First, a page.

December 04, 2013
NSPE TODAY: POLICY PERSPECTIVES
BY SARAH OGDEN
Two initiatives by the new Republican majority in the House of Representatives may thwart transportation legislation over the next two years.
The first is a House rules change eliminating a rule that barred lawmakers from considering legislation that failed to appropriate transportation funds at the level guaranteed in authorization law. The 1998 rule was enacted to ensure that money in the Highway Trust Fund was used only for transportation and was not allowed to build up so it could be counted against the federal deficit.
Proponents say the change ensures that lawmakers will not be forced to spend more on transportation than the Highway Trust Fund collects. Transportation spending has outpaced trust fund revenue in recent years, requiring infusions of billions of dollars from the general treasury. While the new rule continues to reserve Highway Trust Fund money for transportation purposes, critics fear money will lie fallow in the fund as Congress attempts to offset the growing federal deficit.
The Republican moratorium on earmarks also could impede transportation legislation. Though the earmark ban was not written into House rules, Republicans can enforce the ban through leadership decisions now that they control the House. The Senate, which retains a Democratic majority, has not adopted a ban, but with President Obama's vow to veto earmarked bills, the political climate is becoming increasingly inhospitable to earmarks, making passage of earmarked legislation virtually impossible.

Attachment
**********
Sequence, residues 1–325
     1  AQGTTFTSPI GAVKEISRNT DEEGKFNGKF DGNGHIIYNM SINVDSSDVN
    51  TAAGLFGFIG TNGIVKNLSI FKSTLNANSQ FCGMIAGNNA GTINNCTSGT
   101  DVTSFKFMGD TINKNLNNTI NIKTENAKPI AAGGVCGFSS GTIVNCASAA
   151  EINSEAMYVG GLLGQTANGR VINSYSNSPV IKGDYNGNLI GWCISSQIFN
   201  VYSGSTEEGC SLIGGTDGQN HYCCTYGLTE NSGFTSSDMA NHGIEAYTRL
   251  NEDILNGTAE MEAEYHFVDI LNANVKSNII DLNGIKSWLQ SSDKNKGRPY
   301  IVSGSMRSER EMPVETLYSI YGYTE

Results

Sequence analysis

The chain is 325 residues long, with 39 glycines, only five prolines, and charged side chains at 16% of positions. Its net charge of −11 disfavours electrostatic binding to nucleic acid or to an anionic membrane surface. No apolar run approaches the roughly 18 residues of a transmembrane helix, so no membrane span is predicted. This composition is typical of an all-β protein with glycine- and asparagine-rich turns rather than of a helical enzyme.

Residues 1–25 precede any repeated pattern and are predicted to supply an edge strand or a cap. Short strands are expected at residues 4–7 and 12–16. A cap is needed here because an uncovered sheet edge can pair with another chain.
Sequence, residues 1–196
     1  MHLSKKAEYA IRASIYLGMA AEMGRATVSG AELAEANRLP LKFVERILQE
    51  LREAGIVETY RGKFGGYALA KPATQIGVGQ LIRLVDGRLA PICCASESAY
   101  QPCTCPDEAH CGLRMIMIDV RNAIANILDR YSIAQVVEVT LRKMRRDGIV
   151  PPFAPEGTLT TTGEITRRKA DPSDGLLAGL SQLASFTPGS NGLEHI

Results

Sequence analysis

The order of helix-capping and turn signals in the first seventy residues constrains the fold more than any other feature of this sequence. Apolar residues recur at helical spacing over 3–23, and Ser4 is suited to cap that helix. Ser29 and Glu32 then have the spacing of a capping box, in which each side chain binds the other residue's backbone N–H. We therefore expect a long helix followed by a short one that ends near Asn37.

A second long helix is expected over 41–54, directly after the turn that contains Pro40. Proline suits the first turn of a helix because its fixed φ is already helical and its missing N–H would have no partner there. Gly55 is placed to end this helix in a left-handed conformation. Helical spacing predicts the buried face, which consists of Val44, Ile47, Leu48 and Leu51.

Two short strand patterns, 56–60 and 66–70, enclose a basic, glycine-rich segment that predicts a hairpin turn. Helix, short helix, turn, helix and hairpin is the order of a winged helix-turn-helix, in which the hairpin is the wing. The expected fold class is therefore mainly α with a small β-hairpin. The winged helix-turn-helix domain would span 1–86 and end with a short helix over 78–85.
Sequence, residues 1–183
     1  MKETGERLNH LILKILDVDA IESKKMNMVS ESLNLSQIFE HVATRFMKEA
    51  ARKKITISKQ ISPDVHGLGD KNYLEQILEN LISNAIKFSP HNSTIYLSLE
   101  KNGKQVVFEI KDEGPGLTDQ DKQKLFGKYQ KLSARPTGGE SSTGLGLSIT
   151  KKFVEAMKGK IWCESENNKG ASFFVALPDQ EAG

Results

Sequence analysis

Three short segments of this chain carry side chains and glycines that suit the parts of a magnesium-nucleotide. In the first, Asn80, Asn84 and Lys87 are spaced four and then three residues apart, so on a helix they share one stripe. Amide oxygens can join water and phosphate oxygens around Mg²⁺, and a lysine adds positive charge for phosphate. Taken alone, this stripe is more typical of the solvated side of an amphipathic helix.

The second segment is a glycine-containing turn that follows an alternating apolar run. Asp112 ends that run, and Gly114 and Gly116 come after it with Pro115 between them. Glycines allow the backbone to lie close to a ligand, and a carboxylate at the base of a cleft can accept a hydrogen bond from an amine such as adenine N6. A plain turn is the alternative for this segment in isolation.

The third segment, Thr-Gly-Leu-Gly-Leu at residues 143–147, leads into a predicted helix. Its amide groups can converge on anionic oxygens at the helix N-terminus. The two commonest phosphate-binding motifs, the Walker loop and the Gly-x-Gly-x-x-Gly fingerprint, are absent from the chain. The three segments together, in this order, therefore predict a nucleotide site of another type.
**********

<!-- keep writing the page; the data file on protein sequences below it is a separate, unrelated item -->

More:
Some proponents of the earmark ban, however, do not see directed project funding as earmarks. "I don't believe that building roads and bridges and interchanges should be considered an earmark," said Rep. Michele Bachmann (R-MN), who supports the moratorium on earmarks.
The Council on the Federal Procurement of Architectural and Engineering Services, of which NSPE is a founding member, sent a letter to congressional leaders urging them to make a clear distinction between earmarks and legitimate project authorizations that recommend necessary funding levels for essential programs and services. To ensure integrity and transparency in the project authorizations process, COFPAES also recommended that:
Despite these roadblocks, Congress has not given up hope on a transportation bill. New House Transportation and Infrastructure Committee Chairman John Mica (R-FL) hopes to have a bill ready for the House floor by spring. Though Mica will not request more than the Highway Trust Fund can sustain, he hopes to maximize available funds through public-private partnerships and identify "idle" funds that could be repurposed. The bill could call for as little as $250 billion over the next six years, which is half of the $500 billion ousted Chairman Jim Oberstar sought during the last Congress.
NSPE believes that properly funded, designed, constructed, operated, and maintained infrastructure directly benefits the public's health, safety, and welfare.
For more information, please see NSPE's position statement on infrastructure: www.nspe.org/IssuesandAdvocacy/TakeAction/PositionStatements/ps_inf.html.
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